Games are immersive experiences that intertwine with players' emotions and feelings. Every action a player takes triggers a small change in their brain state, which in turn elicits an emotional response. The combination of these emotions over time shapes the player's overall feeling, allowing them to express happiness, sadness, excitement, and even more complex emotions.

The primary, secondary, and tertiary emotions

However, while there are a few basic emotions, like joy, sadness, and anger, there are also other hybrid emotions that are more challenging to recognize and express and may be easily conflated with surrounding emotions. Frustration and confusion are examples of such hybrid emotions, which can be difficult to disentangle from the other emotions experienced during gameplay. Consequently, players may seem to be in control and to understand all the game elements, when in reality, they are partially experiencing confusion, and as a summary of all the different emotions, some of them would be masked.

This presents a challenge when it comes to using surveys to gauge players' experiences. Surveys may heavily mislead the development team, marketing professionals, and managers making strategic decisions, as players' responses may not accurately reflect their true emotions. As such, it is crucial to consider the limitations of survey-based research when analyzing players' emotions and experiences.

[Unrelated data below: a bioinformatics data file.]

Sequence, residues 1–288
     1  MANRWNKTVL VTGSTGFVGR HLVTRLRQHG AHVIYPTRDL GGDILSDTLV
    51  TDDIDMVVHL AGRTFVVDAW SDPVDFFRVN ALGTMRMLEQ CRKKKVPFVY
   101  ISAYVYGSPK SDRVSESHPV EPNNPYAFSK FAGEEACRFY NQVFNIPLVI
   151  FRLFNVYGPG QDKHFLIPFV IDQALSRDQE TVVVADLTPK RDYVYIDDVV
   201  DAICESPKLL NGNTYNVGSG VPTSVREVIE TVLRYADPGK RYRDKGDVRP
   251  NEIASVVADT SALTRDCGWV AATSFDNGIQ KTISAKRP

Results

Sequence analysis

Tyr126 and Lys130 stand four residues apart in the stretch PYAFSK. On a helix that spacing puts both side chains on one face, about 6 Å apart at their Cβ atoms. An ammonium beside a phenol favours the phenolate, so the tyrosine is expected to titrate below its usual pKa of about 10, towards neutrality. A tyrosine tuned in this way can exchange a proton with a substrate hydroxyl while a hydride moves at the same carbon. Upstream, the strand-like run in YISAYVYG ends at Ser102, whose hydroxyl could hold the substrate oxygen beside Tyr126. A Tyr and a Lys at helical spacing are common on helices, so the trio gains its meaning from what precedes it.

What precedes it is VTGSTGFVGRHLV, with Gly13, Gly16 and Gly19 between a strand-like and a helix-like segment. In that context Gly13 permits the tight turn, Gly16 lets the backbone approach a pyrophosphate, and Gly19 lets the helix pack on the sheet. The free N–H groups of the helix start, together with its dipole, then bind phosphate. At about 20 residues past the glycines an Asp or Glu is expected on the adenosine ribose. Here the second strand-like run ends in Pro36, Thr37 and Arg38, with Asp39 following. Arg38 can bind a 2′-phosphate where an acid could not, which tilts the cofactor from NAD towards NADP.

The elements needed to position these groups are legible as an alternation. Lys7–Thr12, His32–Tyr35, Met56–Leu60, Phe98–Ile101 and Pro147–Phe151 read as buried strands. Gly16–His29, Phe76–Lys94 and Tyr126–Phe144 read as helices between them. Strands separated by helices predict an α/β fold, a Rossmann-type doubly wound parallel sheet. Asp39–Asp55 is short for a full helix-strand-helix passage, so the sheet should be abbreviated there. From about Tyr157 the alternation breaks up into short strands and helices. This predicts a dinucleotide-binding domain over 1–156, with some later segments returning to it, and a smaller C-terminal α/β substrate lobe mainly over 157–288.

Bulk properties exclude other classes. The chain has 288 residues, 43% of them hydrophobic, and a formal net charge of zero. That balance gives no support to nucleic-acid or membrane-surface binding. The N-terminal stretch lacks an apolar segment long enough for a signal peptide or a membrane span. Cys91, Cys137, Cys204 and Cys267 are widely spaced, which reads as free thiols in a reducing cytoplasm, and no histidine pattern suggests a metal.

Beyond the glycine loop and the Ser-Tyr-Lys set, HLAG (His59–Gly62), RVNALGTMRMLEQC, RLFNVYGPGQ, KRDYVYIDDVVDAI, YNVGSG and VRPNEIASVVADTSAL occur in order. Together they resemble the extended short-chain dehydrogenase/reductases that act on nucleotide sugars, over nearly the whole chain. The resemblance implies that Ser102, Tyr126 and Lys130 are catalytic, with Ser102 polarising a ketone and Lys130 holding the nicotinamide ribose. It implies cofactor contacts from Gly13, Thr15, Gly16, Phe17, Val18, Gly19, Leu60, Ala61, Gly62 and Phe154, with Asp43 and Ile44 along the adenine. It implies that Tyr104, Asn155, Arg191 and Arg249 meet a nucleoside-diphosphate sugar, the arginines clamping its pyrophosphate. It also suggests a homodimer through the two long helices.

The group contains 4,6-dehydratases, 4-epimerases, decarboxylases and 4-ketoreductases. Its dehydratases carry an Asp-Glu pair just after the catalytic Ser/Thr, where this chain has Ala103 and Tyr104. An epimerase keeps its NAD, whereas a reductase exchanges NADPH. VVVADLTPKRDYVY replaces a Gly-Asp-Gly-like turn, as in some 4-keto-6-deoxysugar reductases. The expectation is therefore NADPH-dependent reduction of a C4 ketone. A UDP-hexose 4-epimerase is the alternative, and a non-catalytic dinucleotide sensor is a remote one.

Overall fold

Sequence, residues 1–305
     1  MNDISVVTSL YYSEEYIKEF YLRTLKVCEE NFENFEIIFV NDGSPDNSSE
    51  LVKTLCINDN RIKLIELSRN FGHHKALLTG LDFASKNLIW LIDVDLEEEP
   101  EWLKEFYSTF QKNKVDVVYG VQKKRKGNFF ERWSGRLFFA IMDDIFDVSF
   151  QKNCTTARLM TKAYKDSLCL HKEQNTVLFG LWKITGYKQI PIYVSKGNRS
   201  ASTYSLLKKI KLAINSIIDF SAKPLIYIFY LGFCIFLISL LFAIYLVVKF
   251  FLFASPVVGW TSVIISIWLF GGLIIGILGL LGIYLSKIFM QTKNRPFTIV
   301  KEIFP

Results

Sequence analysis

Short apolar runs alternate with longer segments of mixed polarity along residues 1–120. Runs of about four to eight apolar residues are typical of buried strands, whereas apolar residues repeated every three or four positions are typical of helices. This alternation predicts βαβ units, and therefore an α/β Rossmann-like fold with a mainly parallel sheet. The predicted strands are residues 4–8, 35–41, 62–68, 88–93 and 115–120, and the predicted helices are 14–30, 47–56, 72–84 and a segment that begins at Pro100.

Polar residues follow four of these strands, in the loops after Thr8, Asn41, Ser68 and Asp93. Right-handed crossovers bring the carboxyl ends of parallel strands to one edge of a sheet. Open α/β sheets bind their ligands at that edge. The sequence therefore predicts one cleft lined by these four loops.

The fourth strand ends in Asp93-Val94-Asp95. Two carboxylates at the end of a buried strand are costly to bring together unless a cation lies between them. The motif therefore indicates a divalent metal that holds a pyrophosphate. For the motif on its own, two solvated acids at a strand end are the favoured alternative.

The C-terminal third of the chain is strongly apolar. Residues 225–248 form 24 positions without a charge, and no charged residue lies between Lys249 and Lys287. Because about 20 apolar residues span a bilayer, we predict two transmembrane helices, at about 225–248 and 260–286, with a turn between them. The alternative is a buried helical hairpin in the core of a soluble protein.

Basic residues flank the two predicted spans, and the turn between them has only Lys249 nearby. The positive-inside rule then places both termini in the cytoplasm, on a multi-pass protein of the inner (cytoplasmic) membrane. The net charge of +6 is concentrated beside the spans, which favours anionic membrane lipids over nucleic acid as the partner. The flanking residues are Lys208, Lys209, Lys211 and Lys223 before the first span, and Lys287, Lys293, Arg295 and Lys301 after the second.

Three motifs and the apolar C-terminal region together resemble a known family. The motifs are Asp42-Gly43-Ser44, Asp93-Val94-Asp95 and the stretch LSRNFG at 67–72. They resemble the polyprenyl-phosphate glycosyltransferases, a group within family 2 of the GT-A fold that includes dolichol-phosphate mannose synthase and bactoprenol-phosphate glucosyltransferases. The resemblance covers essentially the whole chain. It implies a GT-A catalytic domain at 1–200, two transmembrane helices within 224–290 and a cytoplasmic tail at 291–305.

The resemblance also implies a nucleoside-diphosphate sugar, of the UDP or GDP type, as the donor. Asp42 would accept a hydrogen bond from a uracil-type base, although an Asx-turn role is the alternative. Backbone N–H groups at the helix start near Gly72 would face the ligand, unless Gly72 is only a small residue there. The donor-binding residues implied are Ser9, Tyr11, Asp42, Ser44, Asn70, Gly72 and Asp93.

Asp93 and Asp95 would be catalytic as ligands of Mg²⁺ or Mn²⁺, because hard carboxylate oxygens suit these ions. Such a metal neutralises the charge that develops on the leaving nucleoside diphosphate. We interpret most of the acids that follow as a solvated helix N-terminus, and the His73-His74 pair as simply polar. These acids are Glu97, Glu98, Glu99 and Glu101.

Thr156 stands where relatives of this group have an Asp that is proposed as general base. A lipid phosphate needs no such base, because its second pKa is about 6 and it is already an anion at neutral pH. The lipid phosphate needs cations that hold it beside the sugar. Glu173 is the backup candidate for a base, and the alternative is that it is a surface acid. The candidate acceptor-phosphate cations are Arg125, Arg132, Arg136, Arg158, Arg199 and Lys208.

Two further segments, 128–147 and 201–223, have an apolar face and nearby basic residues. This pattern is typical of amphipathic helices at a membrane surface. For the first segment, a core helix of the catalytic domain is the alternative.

After a long period of developing a Neuroanalytics service, we finally had the opportunity to record a substantial amount of players' brainwaves using EEG devices during playtesting sessions. The results were astonishing.

We recorded +100 gameplay sessions and we asked players to rate their experience and answer questions about their feelings throughout different parts of the game. We discovered a significant disparity between the players’ self-perceived emotions and the emotions we collected from their brainwaves and by evaluating the emotions captured from brainwaves by rewatching the gameplay footage and analyzing the player’s behavior in the game in more than 90% of the cases, the feelings extracted from the brainwave readings matched those observed by watching the recorded gameplay footage.

During one of our services to a client with a mobile F2P MOBA game, an intriguing situation arose. The game developer, having previously released a successful game, had developed a new game with improved visuals and game design. Despite a smooth onboarding process and a reasonable churn rate in the new game, the conversion rate in the second and third stages of the game was not rational when compared to the previous game. The developer was puzzled and could not understand the cause of this discrepancy.